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Student Wellbeing

Welcome to the University of Cambridge’s Student Wellbeing pages. 

We recognise that flourishing at university is determined as much by your wellbeing as it is by your academic ability: if you feel healthy and content within yourself and your environment, then you are far more likely to perform to the best of your academic ability.

We hope these webpages encourage you to take responsibility for your own health and wellbeing, empower you to seek help when you need it, and support you to develop skills that will equip you not only for university, but for life more generally.

We welcome feedback on these pages; please send us an email if you have any ideas for improvement. 

Please note that whilst every care is taken to signpost to legitimate and helpful sources of information and advice from this website, the University of Cambridge is not responsible for the content of external webpages linked from these pages.

This website is maintained by the University's Educational and Student Policy Team
 

Your wellbeing

Research suggests that there are a core group of actions we can proactively adopt to improve our levels of wellbeing and mental health. Some of the sections below are taken from “Five ways to wellbeing” which is an evidence-based study in this area, originally published by the New Economics Foundation in 2008 ( http://www...

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Personal safety and travel

Whilst Cambridge is a relatively safe city, it always pays to take proactive steps to keep yourself safe. These pages contain helpful information about safety and travel.

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College pastoral support

The vast majority of courses at Cambridge will require you to be a member of a Cambridge College. Your College is responsible for your pastoral (aka tutorial) support, regardless of whether you are an undergraduate or a graduate student. Pastoral support for students is an essential component of collegiate life. It is...

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University and other support

Beyond the pastoral support you will receive from your College, there are several other welfare-related services within the University that students can access.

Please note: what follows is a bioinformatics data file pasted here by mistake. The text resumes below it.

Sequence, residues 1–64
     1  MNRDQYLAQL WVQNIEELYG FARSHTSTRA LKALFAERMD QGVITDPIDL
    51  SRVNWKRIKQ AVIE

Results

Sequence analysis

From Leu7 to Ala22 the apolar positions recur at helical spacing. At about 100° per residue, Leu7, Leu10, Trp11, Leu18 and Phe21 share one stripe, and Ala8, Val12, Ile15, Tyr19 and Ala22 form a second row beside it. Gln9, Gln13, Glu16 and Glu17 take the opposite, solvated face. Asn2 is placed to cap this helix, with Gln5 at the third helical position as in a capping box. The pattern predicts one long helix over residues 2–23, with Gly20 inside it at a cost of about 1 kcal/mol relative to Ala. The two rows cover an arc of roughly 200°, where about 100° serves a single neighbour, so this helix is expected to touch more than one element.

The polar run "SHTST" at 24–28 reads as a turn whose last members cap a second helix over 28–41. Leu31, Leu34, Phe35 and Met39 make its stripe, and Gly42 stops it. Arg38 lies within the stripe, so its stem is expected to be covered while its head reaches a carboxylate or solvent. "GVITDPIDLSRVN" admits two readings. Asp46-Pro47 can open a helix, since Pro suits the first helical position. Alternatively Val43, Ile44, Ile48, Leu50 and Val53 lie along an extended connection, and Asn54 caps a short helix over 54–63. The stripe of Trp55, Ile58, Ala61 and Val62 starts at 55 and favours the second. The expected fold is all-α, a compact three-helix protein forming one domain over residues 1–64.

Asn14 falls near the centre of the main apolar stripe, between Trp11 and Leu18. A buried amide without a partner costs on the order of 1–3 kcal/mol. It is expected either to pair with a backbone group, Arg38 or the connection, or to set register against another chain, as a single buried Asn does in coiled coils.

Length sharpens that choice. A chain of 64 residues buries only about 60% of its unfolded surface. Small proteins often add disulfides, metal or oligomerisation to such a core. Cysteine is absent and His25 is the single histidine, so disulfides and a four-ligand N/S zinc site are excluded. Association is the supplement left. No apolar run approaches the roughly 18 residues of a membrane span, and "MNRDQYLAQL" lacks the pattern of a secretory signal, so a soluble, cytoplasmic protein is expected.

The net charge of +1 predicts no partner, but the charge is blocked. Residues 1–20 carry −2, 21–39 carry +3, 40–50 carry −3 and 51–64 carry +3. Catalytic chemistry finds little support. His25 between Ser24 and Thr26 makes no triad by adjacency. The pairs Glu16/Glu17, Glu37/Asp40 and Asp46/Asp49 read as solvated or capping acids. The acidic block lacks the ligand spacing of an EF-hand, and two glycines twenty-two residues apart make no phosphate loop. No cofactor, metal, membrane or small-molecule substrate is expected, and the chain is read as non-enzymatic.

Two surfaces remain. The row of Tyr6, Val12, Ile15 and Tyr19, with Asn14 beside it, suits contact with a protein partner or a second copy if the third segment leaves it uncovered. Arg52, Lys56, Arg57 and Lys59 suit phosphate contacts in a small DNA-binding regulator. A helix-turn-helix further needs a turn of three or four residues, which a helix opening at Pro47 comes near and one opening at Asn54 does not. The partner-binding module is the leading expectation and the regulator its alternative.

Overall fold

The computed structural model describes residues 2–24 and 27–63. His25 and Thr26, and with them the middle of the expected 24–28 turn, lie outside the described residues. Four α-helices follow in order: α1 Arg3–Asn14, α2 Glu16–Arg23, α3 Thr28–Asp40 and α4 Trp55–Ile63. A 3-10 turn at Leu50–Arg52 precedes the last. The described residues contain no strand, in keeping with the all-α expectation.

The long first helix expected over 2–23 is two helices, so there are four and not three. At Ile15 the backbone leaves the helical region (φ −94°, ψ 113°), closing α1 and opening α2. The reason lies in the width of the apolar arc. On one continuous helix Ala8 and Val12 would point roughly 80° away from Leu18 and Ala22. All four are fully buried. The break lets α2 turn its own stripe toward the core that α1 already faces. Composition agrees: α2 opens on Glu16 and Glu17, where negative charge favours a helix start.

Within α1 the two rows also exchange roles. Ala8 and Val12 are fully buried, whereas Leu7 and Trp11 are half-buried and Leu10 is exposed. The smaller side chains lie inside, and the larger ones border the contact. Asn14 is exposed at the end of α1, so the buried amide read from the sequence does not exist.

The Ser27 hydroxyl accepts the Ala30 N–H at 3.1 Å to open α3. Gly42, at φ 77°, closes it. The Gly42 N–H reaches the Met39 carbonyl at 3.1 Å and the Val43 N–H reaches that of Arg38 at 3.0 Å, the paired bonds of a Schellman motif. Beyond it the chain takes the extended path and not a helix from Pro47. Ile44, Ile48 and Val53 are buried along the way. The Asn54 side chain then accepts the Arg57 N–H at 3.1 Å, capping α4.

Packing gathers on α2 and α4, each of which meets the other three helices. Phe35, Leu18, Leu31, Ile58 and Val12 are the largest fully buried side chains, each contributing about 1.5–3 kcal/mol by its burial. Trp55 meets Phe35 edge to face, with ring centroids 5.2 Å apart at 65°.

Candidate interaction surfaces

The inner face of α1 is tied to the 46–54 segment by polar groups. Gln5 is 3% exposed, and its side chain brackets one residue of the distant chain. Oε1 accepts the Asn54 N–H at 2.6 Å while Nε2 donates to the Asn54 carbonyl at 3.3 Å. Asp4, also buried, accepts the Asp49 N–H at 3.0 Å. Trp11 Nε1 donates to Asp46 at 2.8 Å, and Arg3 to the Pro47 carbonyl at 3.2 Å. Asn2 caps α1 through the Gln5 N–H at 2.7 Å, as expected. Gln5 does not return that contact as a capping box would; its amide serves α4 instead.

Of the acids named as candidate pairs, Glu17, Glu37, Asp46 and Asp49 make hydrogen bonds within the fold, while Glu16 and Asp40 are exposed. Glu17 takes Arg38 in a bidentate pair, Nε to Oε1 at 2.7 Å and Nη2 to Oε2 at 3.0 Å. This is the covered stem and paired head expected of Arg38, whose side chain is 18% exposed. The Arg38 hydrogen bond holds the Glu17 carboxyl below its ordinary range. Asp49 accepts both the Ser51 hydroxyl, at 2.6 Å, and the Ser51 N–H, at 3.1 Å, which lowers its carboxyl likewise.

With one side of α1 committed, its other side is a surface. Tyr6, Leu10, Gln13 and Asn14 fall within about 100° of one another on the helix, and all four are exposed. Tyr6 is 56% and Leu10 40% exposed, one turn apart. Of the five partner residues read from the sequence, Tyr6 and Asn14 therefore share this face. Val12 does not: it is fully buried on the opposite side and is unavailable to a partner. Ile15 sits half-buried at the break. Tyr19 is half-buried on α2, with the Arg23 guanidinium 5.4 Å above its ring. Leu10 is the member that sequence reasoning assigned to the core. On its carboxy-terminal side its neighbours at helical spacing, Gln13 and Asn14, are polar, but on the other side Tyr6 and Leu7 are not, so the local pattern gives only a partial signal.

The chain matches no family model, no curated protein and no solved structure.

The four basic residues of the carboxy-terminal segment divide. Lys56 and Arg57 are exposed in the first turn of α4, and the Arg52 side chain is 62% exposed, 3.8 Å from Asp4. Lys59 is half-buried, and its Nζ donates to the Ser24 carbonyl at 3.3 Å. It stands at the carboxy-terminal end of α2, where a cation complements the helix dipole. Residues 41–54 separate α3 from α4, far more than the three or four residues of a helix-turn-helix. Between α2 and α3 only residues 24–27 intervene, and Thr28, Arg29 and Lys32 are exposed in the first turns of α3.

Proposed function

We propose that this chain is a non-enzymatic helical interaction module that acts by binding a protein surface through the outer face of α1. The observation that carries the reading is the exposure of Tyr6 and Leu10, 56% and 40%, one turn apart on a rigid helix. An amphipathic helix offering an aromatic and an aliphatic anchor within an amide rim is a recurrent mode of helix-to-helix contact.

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The NHS and healthcare

The National Health Service (NHS ) provides healthcare in the UK. This section explains the various ways in which you can access medical care in Cambridge when you need it.

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Support for particular issues

Whilst there are lots of things we can do to proactively look after our health and build our resilience, there may be times when aspects of our wellbeing suffer to such an extent that it impinges on our day-to-day living and happiness. Where issues persist without improvement or a change in circumstances has a significant...

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Concern for others

If you’re worried about someone struggling to cope, it's important to remember that your job isn't to advise them or to find a solution to their problem; often just having someone to talk to is enough. Experts recommend finding ways to empathise rather than just sympathising. Empathy involves recognising how a person is...

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Equality, diversity and inclusion

The University of Cambridge is committed in its pursuit of academic excellence to equality of opportunity and to a proactive and inclusive approach to equality, which supports and encourages all under-represented groups, promotes an inclusive culture, and values diversity. These pages will give you some information about...

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Information for parents of undergraduates

Starting university is a significant point in a student’s life and we understand that you will want to help your child settle in to life at Cambridge as quickly as possible. Students' reactions to starting university can vary significantly with some adapting very quickly and others taking a bit longer to find their feet...

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Helpful contacts and resources

General wellbeing Action for happiness project Centre 33 Citizen’s Advice Bureau Student Health App Finding a local GP Finding a local Dentist NHS self help leaflets NHS student health Student Minds Transitions guidance The Mix University Counselling Service self-help leaflets Addiction Addaction Alcoholics Anonymous...

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